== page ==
ALBANY, NY – According to The timesunion.com, Andrew Cuomo dropped his proposed ban on stretch limousines. The proposal was presented in response to the tragic traffic accident that killed 20 people in Schoharie last October.
Cuomo proposed the bill about a month before he ultimately decided to strike it from the executive budget. The change of heart was applauded by many limousine companies that were concerned that the ban went too far and that it would force many companies to sell their fleets and be put out of business.
Kevin Barewell from the Limousine Bus Taxi Operators of New York called the proposal a “knee jerk reaction” and stated that the voice of limousine companies had been heard.
Stretch limousines like the one involved in the fatal crash are normal limousines, cars, or SUVs that have been cut down the middle and elongated in order to add additional seating. The move pushes the carrying capacity and stretches the cabin beyond the intended wheelbase.
The vehicles are frequently used for special events such as weddings or proms. These vehicles are subject to regulations and must have a tag on them indicating that they comply with federal law.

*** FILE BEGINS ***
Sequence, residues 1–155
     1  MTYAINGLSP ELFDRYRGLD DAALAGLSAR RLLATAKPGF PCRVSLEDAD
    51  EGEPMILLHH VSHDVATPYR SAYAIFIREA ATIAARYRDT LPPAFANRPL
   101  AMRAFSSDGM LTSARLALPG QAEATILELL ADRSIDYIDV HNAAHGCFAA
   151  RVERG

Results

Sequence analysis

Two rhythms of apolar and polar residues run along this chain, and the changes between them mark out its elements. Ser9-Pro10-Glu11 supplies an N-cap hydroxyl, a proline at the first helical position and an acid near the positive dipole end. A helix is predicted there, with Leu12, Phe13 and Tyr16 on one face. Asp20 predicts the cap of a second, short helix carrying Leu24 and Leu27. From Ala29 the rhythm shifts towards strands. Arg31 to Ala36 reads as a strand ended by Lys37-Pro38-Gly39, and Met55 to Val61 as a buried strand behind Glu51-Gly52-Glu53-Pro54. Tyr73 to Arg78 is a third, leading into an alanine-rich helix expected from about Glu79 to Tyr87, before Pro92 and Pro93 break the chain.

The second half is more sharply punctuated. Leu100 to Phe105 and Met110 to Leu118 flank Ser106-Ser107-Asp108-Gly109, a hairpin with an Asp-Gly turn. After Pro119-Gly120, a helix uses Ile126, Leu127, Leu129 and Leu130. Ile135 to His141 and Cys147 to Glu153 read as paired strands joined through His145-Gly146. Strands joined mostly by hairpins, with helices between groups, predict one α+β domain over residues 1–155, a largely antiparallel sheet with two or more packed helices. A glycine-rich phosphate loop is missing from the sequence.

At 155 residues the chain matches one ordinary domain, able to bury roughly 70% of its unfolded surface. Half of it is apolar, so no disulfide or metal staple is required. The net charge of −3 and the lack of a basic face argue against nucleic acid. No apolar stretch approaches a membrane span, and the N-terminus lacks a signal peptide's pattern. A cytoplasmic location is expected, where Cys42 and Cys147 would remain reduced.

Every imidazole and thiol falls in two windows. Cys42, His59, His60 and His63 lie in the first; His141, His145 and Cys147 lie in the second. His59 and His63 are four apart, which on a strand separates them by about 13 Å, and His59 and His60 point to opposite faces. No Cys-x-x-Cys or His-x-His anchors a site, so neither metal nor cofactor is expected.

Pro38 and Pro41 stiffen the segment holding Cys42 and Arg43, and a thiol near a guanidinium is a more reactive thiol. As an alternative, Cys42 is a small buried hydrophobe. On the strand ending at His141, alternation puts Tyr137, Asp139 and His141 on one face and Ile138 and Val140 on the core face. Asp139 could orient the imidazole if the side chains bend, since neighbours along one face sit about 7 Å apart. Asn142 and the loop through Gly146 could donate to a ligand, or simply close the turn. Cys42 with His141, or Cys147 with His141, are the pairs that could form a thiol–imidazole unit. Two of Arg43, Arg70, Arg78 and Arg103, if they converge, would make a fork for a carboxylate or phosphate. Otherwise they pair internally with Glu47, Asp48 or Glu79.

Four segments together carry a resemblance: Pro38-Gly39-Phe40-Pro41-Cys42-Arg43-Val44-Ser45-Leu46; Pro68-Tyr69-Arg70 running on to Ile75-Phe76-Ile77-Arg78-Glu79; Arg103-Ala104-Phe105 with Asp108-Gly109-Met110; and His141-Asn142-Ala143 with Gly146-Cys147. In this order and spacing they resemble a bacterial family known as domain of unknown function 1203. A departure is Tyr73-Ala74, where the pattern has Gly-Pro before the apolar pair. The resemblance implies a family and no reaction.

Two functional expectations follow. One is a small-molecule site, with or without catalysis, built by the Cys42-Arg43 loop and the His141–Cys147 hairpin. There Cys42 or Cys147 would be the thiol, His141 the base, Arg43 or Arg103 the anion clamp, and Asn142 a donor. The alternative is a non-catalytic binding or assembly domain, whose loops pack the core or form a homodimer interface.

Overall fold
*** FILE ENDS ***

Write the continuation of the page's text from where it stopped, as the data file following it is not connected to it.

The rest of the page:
The vehicle that crashed in October was a 2001 Ford Excursion that was carrying 18 people. The limo had been stretched close to 20 years ago and was purchased used. Everyone in the vehicle was killed in the crash, and the Excursion struck and killed two pedestrians as well. The vehicle failed two inspections prior to the accident and was missing the tag that should indicate that it complied with federal regulations.
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